The Legislation

10

The history of the provisions now found in the Listed Buildings Act is helpfully set out in the speech of Lord Hope of Craighead in Shimuzu (UK) Limited v Westminster City Council [1997] 1 WLR 168 at page 175A-177D. For the purposes of this appeal, I can be briefer.

11

Before the modern regime for listed buildings was created by the Town and Country Planning Act 1968, there was a similar but more limited scheme for the making of “building preservation orders.” The Town and Country Planning Act 1947 provided for the preparation and maintenance of lists of buildings of special architectural and historic interest. Section 30(6) of the 1947 Act provided:

“So long as any building… is included in any list compiled or approved under this section, no person shall execute, or cause or permit to be executed, any works for the demolition of the building or for its alteration or extension in any manner which would seriously affect its character, unless at least two months before the works are executed notice in writing of the proposed works has been given to the local planning authority”.

That gave the opportunity for protective measures to be taken.

12

Those provisions were essentially retained by sections 32–33 of the Town and Country Planning Act 1962, which revoked the 1947 Act. Section 32(1) concerned the preparation of lists by the Minister:

“With a view to the guidance of local planning authorities in the performance of their functions under this Act in relation to buildings of special architectural or historic interest, the Minister shall compile lists of such buildings, or approve, with or without modifications, such lists compiled by other persons or bodies of persons, and may amend any list so compiled or approved.”

Such buildings were to be protected in essentially the same way as under the 1947 Act.

13

Part V of the Town and Country Planning Act 1968 abandoned building preservation orders and introduced a new basis of control by local authorities over buildings of special architectural or historic interest. Again, it involved the maintenance of a list approved by the relevant Minister. The expression “listed building” was defined for the first time, in section 40(1), as follows:

“In this Part of this Act the expression “listed building” means a building which is for the time being included in a list compiled or approved by the Minister under section 32 of the principal Act (buildings of special architectural or historic interest) [i.e. section 32 of the 1962 Act, quoted above]”.

14

In respect of such listed buildings, section 40(2) provided for a new scheme of “listed building consents”:

“Subject to this Part of this Act, if a person executes or causes to be executed any works for the demolition of a listed building or for its alteration or extension in any manner which would affect its character as a building of special architectural or historic interest, and the works are not authorised under this Part of this Act, he shall be guilty of an offence.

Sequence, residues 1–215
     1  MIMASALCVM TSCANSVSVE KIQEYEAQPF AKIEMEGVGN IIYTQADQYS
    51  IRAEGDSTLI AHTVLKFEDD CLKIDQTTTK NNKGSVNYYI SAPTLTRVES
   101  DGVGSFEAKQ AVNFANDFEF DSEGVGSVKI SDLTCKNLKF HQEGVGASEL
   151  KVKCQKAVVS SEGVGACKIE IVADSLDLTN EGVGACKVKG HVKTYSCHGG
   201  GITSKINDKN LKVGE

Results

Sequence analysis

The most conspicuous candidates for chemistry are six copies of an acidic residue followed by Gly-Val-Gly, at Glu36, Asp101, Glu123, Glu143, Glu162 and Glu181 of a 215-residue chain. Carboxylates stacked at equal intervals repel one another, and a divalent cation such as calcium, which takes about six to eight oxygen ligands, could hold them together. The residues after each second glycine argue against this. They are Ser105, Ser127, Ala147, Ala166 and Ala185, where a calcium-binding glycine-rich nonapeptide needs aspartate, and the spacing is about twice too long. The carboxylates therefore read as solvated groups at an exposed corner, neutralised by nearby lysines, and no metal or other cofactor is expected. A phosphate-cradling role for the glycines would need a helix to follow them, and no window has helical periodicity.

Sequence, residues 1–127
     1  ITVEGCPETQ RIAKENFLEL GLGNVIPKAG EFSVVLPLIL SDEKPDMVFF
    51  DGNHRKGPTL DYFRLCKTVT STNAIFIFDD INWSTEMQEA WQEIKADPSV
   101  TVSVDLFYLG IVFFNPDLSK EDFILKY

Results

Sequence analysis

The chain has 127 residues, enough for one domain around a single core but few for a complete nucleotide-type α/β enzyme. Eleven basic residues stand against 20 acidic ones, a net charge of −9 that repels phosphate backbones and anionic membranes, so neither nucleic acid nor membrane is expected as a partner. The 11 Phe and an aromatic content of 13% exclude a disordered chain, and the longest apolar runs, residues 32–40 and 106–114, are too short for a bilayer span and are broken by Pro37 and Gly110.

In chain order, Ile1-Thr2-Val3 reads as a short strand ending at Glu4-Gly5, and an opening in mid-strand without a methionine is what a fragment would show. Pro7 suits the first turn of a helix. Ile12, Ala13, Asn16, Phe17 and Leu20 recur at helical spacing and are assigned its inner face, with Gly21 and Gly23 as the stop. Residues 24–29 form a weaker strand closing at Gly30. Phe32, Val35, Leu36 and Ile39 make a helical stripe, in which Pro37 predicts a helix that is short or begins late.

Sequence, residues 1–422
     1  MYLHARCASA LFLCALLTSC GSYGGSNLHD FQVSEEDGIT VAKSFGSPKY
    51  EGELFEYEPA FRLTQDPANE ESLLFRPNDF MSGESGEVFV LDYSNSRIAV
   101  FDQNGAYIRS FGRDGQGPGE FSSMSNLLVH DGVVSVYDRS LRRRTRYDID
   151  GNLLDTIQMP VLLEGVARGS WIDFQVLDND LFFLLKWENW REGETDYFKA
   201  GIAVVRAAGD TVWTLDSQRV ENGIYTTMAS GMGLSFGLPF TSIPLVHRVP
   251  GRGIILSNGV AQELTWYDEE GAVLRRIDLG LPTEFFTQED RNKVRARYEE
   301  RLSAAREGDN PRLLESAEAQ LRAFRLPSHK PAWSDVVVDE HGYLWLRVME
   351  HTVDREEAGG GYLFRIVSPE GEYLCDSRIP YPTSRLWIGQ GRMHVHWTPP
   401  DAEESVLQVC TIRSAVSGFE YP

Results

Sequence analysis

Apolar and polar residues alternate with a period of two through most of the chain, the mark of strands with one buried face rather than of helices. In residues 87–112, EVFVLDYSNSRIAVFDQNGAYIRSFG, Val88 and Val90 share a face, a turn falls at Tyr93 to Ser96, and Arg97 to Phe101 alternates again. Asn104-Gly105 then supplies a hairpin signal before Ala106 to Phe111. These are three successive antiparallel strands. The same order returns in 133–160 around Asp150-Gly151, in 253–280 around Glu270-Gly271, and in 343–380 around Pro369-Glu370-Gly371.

15

In 1986, when the items were listed, the relevant legislation was contained in the Town and Country Planning Act 1971. In that Act, section 32 of the 1962 Act was repealed; but replaced by section 54 of the new Act. Section 54(9) of that new Act provided that:

“In this Act ‘listed building’ means a building which is for the time being included in a list compiled or approved by the Secretary of State under this section; and, for the purposes of the provisions of this Act relating to listed buildings and building preservation notices, any object or structure fixed to a building, or forming part of the land and comprised within the curtilage of a building, shall be treated as part of the building.”

16

A similar provision is now contained in section 1 of the Listed Buildings Act. Section 1(1) provides that “the Secretary of State shall compile lists of such buildings” and “may amend any lists so compiled …”. Section 1(5), one of the provisions at the heart of the present case provides:

“In this Act ‘listed building’ means a building which is for the time being included in a list compiled or approved by the Secretary of State under this section; and for the purposes of this Act –

a) any object or structure fixed to the building;

b) any object or structure within the curtilage of the building which, although not fixed to the building, forms part of the land and has done so since before 1 st July 1948,

shall … be treated as part of the building.”

17

The list compiled by the Secretary of Section must be promptly published (and deposited with the relevant authorities (section 2(1)), and listing stands as a local land charge (section 2(2)). Both the Secretary of State and every local authority are bound to keep copies of the list at a convenient place for inspection (section 2(4) and (5)). As soon as possible after the inclusion of any building in a list, the Secretary of State is required to notify the relevant local authority, which has an obligation to...